Monday, February 10, 2014

Organic vs. Con... who has fewer and safer pesticides?

A friend sent the following article, Organic Shmorganic, 

 ~Mark, I can see why the article disturbed and confused you. It was crafted to do just that. This looks not to be a mom sharing her truth but a mercenary piece paid for by chemical/Bio-tec Agriculture. It was in the news a few weeks ago that Big-Ag had hired PR people to “fight back’ against bad press. The recent Anti-GMO campaigns, headlines of bees dying off in large numbers, tests that show higher levels of pesticides in the urine of children who were fed conventional produce has all been taking a toll. This looks to be the first wave, so learning to navigate the misinformation is important. I’ve made comments that may help in seeing through the illusion. 

It begins…
“When my son was a baby, organic was a synonym for edible. If the apples I found at the grocery store weren’t certified, I wasn’t buying them. I knew that conventional produce could harbor traces of pesticides, and I’d read that pesticides could affect brain development. Sure, the details of this association were hazy ~the set-up~ I didn’t know how many pesticides my son might ingest from Shoprite strawberries, nor did I know whether that amount would do him any harm. But in a way, it didn’t matter: Shelling out a bit more cash to minimize the risks, whatever they were, seemed worth it to me.
Fast-forward two years and my son is eating Shoprite strawberries for breakfast. I support the principles of organic farming, for sure, but it can be hard to consistently pay $7 for a pint of something he’ll go through in two days.”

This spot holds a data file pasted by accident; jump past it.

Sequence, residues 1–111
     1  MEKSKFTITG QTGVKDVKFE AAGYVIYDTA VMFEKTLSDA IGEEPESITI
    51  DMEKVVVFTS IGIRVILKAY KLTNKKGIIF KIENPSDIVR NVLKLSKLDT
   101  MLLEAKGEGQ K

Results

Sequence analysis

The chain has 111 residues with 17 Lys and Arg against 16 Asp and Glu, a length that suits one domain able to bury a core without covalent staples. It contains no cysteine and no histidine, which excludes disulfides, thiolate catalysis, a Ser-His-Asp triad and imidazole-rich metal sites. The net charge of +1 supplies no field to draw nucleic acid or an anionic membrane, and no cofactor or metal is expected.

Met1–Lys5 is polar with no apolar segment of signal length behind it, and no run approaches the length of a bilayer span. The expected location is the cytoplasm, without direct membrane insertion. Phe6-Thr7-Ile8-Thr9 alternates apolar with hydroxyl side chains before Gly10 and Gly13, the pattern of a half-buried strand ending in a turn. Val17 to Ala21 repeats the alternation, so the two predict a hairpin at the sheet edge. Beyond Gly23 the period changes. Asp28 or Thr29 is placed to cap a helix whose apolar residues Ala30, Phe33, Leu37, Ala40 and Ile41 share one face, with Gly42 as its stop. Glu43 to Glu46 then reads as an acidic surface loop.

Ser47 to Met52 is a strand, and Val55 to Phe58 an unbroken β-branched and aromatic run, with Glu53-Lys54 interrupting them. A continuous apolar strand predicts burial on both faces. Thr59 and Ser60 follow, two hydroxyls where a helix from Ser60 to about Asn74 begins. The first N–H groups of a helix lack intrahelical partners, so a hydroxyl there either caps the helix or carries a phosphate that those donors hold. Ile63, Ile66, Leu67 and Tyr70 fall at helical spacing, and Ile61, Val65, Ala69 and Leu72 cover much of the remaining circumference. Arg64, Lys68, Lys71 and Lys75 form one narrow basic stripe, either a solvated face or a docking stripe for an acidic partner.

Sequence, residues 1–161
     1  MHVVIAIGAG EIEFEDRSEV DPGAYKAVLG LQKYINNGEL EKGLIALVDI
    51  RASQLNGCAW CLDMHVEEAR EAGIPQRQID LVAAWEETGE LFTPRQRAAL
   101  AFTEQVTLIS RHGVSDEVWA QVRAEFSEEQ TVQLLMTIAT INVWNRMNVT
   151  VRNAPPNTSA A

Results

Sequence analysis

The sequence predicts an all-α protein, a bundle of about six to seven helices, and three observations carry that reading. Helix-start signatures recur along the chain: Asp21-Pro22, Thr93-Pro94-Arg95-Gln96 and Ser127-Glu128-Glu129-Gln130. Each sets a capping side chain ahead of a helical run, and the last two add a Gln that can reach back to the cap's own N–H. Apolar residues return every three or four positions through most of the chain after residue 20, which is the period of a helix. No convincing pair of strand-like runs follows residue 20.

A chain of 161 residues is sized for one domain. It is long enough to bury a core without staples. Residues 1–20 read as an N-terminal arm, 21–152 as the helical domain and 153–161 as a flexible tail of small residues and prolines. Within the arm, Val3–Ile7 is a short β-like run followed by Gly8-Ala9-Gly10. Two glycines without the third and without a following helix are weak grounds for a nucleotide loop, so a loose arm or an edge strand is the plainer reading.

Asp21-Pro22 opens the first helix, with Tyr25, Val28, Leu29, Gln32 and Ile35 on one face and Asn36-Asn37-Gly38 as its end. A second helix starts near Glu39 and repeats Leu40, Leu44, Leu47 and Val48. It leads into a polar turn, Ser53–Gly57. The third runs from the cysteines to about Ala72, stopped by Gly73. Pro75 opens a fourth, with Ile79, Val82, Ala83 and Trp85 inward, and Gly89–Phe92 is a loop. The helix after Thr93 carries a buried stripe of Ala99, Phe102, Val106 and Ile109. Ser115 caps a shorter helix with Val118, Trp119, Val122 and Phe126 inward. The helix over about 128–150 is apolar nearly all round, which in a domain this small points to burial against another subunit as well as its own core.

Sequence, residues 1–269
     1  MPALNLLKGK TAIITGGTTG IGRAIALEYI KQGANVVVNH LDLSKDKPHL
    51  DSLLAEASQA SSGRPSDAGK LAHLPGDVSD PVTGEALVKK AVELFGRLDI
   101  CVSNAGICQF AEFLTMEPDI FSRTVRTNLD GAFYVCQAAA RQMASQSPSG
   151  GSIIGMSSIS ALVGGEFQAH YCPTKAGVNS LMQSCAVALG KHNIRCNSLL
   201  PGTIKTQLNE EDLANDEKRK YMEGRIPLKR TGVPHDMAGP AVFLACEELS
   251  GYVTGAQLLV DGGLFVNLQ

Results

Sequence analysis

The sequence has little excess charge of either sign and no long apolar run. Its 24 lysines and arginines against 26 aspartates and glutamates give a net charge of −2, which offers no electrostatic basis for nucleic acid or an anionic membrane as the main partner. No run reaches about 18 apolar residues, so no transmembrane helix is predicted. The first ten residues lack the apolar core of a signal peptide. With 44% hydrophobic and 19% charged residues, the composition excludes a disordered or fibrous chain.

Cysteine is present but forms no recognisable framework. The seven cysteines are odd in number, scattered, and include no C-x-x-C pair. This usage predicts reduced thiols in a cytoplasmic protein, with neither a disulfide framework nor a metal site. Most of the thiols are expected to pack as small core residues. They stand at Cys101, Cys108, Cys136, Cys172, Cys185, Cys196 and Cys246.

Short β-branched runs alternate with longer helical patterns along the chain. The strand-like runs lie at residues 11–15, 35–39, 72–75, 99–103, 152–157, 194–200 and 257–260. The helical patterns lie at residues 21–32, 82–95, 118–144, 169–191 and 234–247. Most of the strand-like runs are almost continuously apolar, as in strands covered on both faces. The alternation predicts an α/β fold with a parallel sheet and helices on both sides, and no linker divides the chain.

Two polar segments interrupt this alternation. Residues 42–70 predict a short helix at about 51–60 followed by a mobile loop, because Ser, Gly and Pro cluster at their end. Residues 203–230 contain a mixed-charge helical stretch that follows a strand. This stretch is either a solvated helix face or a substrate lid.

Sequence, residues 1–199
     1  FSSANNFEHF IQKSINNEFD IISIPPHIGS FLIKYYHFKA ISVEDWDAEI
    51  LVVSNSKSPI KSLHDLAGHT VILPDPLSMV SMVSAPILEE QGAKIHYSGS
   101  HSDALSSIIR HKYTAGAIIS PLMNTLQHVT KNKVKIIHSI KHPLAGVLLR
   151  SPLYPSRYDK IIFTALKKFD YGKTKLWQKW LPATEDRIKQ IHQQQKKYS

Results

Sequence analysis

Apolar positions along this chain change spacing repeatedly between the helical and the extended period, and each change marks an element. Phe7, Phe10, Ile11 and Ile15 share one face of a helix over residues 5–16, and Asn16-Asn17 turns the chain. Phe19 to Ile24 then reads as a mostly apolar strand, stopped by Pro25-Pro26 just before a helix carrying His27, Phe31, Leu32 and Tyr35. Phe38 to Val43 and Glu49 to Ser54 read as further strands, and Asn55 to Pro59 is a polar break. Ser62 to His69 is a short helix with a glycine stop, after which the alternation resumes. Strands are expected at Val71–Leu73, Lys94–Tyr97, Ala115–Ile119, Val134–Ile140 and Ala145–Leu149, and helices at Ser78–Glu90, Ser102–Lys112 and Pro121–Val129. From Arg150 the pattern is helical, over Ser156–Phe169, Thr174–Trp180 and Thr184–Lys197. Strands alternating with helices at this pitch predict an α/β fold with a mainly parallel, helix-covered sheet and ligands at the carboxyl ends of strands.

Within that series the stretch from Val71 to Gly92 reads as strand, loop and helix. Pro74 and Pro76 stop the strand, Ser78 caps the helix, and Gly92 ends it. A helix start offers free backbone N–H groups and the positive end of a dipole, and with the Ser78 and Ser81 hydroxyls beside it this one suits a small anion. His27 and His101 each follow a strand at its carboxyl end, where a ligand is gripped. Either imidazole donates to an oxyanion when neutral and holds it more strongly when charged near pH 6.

~We pay about $3 to $4 at Trader Joes~
~Tests in 2012 showed thirteen different pesticides were measured on a single sample of conventional strawberries. 52 pesticides were detected on sampled conventional peaches, including residues of highly toxic organophosphates. She could switch the child to seasonal organic fruit, which is usually on special, but be it $7 or $3, if my kid was eating a half a pint a day I’d buy organic. ~
She continues, Plus, I can’t help but wonder whether giving my son organic food really makes a difference to his health, considering that he’s been known to lick the bottom of his shoes, kiss my poop-sniffing dog, and eat crackers -- someone else’s -- off of the preschool floor.” ~Intent; to equate chemical pesticides with germs, “What doesn’t kill you makes you stronger,” runs through…only chemical pesticides and herbicide can be accumulative and build up over time in brain tissue and vital organs.~
Instead of continuing to wonder, I decided to dig into the literature and talk to toxicologists, horticulturists, risk experts, and nutritionists to find out whether the chemicals in conventionally farmed foods could truly pose a risk to my child. What I’ve discovered has totally surprised me~ Substitute; the story I’m going to spin will make you wonder if conventionally farmed produces is not safer and more environmentally friendly than organic~ “- let’s just say I’m going to be a little more relaxed about what I serve kid No. 2”.